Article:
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 Bigger and Taller

Many turbine manufacturers are focusing on increasing capacity by developing bigger turbines. Vestas, for instance, is working on its V164-8.0MW. Recently the company’s test bench at its global testing centre in Aarhus, Denmark, has started operation. The 20MW test bench is capable of testing the full nacelle of the V164-8.0MW, validating the performance, robustness and reliability of the turbine over a simulated 25-year lifetime. Samsung is developing its 7MW turbine, and the prototype 7MW offshore wind turbine has been delivered to Narec’s new test facilities in Blyth, Northumberland, UK. Initially, Samsung’s nacelle will be used to commission Narec’s independent 15MW capacity test facility, before a six-month testing programme begins on the nacelle. Furthermore, Gamesa recently installed its first offshore wind turbine with 5MW of nominal power at the Arinaga Quay in Gran Canaria (Canary Islands). These are just a few examples and other manufacturers are working on bigger turbines as well.
 
Bigger turbines also mean taller towers and these taller towers have implications in terms of both safety and sustainability. With taller towers it is particularly important that technicians are able to work safely at these heights. For instance, a tool dropped from an elevated work platform poses immediate danger to personnel and equipment below. While there are federally mandated guidelines in the USA for securing people working on surfaces 4 feet (1.22 metres) or more from the ground, there are no such requirements for securing tools. In his article on page 6, John Martell discusses why organisations need to implement some type of tethered tool programme in the interests of safety, and how new technologies are making it easier for technicians to use tethered tools.
 
The environmental impact of taller towers can vary significantly. Sarah Gustitus, an environmental engineering student at the University of Florida, takes a deeper look at four options for taller towers. Steel towers, concrete towers, hybrid towers and the recently developed ultra high performance concrete (UHPC) tower are all viable options for hosting 100-metre (328-ft) hub height turbines. In her article on page 29, a life-cycle analysis (LCA) is used to compare these tower options over both short-term and long-term periods to reveal the most sustainable tower option for these taller turbines.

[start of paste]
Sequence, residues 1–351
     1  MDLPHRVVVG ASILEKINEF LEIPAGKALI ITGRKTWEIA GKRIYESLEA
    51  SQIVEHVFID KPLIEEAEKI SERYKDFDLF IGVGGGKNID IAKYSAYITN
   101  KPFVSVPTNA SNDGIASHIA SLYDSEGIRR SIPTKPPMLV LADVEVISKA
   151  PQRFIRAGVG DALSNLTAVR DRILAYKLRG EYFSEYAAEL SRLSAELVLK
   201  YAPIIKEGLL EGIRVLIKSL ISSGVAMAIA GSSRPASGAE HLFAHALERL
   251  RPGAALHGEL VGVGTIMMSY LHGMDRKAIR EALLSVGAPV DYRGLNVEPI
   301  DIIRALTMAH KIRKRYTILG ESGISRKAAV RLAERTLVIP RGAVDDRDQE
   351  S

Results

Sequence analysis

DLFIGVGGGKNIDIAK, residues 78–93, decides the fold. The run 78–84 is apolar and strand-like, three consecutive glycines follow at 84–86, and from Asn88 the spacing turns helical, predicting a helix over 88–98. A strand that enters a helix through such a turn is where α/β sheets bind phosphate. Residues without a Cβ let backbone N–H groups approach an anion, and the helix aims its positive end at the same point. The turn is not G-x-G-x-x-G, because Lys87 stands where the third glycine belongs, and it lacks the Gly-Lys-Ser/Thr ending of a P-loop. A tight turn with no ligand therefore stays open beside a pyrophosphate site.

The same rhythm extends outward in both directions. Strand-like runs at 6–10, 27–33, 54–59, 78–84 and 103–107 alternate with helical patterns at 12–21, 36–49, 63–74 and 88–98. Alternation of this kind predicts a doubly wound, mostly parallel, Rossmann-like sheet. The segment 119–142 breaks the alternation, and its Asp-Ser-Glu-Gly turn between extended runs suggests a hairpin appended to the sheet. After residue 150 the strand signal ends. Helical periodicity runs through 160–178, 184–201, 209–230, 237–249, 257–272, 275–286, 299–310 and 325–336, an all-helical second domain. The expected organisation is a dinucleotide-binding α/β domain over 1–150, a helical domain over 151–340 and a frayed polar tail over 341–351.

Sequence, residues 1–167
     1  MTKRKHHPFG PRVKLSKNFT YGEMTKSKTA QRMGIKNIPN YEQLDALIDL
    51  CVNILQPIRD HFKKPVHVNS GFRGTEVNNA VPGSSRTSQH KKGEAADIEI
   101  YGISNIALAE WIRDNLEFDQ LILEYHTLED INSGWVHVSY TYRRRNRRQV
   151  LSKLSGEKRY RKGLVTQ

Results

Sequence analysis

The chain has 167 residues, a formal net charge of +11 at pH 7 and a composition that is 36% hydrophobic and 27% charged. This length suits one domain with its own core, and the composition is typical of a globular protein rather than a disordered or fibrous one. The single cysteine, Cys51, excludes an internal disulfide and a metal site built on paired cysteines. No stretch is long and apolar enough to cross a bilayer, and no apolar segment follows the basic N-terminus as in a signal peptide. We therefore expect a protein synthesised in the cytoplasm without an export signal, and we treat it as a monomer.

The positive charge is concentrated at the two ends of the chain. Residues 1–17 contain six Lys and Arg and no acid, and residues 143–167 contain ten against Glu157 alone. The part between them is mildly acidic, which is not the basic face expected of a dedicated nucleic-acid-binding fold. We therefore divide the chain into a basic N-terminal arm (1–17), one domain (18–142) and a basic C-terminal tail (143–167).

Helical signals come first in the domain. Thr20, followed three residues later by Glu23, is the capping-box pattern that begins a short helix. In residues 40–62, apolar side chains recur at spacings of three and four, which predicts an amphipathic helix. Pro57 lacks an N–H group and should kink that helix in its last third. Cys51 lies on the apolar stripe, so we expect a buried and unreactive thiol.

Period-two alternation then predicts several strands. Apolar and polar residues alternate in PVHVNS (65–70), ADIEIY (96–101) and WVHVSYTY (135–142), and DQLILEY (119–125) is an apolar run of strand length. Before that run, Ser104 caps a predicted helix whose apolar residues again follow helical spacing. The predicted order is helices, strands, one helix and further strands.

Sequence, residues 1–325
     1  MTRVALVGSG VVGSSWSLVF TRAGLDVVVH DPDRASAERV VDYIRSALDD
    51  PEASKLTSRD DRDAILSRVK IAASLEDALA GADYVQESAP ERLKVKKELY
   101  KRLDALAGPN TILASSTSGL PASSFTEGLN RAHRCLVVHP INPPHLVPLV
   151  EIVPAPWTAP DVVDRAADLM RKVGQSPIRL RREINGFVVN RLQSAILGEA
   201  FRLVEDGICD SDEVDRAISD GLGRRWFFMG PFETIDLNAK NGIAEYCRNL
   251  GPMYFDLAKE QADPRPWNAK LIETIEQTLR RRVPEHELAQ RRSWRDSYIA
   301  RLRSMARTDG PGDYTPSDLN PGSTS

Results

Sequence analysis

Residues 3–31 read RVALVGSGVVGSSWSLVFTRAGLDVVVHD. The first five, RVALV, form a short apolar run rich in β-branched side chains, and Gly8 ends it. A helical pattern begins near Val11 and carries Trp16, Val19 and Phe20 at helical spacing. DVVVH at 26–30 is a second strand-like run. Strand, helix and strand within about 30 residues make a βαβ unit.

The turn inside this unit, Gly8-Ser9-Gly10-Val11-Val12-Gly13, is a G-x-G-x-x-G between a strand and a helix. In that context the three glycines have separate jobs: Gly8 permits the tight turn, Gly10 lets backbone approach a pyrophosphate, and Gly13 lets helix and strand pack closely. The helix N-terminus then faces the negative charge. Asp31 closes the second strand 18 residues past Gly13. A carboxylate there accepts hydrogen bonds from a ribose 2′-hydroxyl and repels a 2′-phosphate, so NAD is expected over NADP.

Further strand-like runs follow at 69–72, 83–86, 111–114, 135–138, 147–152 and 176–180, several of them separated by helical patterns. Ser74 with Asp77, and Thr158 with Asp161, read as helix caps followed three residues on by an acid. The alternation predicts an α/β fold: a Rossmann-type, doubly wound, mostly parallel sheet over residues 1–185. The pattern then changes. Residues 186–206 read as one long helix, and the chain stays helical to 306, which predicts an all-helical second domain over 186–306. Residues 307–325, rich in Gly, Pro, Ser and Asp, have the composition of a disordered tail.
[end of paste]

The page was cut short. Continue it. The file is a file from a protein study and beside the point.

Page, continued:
It is not only the traditional manufacturers who are working on turbines with a higher capacity. In our March issue 2013 we published an article from SheerWind about its Invelox wind technology. Now SheerWind has created its next generation of mega wind producing technology, without the mega size. The company’s patented Invelox system offers power capacity of 25MW. By concentrating and accelerating wind, it creates a similar effect to the natural wind corridors used by traditional wind towers. Invelox technology has been reviewed and validated by a technical advisory board consisting of a team of experts from research universities and agencies. Prototypes were tested under controlled laboratory conditions, and test results were used to build and validate full-scale computational fluid dynamic models. Field data collected to date has validated results. According to the company the technology requires no subsidies, is price competitive with traditional energy, and has far less environmental impact than turbine-topped towers.
 
Enjoy reading,
 
Floris Siteur
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